Finance Minister Nirmala Sitharaman said the recent interest rate hike by the Reserve Bank of India (RBI) was not surprising to her, but the timing was right, saying the rising cost of funds is not will have no impact on the infrastructure investments planned by the government.
For the first time since August 2018, RBI had, on May 4, sharply increased the key repo rate by 40 basis points to 4.40%, and also increased the cash reserve ratio by 50 basis points. to 4.5% after an unscheduled rate setting meeting. panel, citing increased inflationary pressures following the Russian-Ukrainian war and the resulting spike in crude oil prices.
“Retail price inflation came in at 6.9% in March and the April reading is expected to top 7.7%. The timing of the RBI’s rate hike was a surprise, but not the action itself, because people thought it should have been done anyway. It came as a surprise because it’s between the two meetings of the Monetary Policy Committee (MPC). But the US Fed l ‘said all the time,” Sitharaman said in her first reaction to the rate hike as she addressed an awards ceremony in Mumbai on Saturday night.
Read also :
She said that at the last MPC meeting, the RBI had indicated that it was time for them to act as well, and that the hike was part of a synchronized action by major central banks around the world. In a way, it was a synchronized action. Australia did it, and the United States did it that night. So I see more understanding between central banks these days. But the understanding of how to handle pandemic recovery is not entirely unique or typical for India alone. It’s a global problem.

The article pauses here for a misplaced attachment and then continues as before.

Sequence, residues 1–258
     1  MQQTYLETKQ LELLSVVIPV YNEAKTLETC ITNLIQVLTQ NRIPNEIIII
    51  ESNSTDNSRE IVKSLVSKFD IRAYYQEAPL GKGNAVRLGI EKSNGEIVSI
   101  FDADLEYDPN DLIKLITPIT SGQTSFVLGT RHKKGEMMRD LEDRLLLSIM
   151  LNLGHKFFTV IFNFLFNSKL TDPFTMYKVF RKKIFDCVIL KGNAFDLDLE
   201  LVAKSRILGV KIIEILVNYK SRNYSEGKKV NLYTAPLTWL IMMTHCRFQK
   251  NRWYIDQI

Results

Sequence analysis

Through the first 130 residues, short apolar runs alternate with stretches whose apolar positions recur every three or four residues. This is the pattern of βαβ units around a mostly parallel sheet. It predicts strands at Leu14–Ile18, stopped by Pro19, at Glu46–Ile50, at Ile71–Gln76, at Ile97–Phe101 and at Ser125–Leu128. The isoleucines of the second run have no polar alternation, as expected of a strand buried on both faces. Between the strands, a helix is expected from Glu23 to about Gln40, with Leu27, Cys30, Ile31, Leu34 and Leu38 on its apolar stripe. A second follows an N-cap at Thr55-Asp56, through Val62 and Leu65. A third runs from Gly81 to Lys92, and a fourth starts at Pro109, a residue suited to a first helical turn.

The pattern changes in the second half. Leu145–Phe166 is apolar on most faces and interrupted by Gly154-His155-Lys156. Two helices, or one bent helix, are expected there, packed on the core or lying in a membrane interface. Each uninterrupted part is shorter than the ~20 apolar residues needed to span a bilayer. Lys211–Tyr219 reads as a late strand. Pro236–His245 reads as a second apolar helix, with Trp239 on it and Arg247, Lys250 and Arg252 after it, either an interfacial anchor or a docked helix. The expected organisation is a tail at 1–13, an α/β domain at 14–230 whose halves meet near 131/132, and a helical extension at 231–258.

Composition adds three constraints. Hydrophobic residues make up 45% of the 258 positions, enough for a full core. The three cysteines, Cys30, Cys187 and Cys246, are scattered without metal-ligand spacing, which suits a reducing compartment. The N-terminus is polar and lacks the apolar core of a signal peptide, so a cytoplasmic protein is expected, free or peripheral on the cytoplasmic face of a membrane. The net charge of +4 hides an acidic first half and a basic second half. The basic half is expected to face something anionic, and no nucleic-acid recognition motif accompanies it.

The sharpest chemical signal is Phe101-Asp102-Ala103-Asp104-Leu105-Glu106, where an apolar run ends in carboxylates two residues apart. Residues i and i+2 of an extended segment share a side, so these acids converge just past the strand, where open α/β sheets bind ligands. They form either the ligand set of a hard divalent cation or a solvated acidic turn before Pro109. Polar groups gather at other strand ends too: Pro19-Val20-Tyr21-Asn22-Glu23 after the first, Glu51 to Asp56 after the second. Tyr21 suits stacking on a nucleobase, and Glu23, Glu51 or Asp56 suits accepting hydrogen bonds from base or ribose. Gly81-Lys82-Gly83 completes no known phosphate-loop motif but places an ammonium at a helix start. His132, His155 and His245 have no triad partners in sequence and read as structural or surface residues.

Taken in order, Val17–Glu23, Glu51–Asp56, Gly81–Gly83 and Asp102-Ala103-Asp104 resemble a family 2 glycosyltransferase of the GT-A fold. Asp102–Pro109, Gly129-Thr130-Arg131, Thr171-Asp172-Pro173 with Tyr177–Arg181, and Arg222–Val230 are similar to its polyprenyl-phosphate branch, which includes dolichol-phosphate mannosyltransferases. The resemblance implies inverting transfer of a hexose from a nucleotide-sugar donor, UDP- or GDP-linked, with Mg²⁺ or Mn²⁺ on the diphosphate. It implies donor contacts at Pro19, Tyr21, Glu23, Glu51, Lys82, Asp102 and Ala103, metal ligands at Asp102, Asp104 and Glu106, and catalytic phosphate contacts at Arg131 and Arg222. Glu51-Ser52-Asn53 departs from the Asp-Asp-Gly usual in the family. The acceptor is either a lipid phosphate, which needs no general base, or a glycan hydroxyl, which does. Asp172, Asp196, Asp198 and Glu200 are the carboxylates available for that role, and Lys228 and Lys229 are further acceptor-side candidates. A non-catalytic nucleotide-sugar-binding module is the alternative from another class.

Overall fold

“And even while we were managing this recovery, inflation, which was really getting worse and escalating to unbelievable heights in, say, the United States and Britain, not so much in our country. .. Yet the challenge of recovery versus inflation seems to follow a particular pattern that now exists around the world,” she said. However, she was quick to assert that the decision to the central bank will have no impact on the huge infrastructure investments planned by the government, which amount to tens of billions of dollars.
Regarding the economic sanctions against Russia after its invasion of Ukraine, she said the blockades are constraining us as traditional Russian buyers turn to sources from the Indian basket of crude, 80-85% of which comes from the Middle East. . This change was likely to put more pressure on the price of the Indian crude basket. Sanctions have caused people to rush to alternative sources where countries like us have been present for decades. Now suddenly it will be crowded with more people who want to buy the same thing. So the supply and price factors will now affect us, she said and clarified that India would continue to buy rough wherever it was available cheaply.
“In terms of our consumption of oil and buying it at the source which gives us a preferential rate, we have asserted our right to do so. We have explained that we will definitely buy it, so it is something that does not It wasn’t said for the first time. We’ll carry on with what’s good for us. We need cheap fuel. If it’s available, why won’t we want to buy it?” , she said.
Sitharaman said that even before the war there had been an increase in fertilizer prices. The government had to seek additional spending approval during additional demands due to rising crude oil and rising commodity prices due to supply disruptions.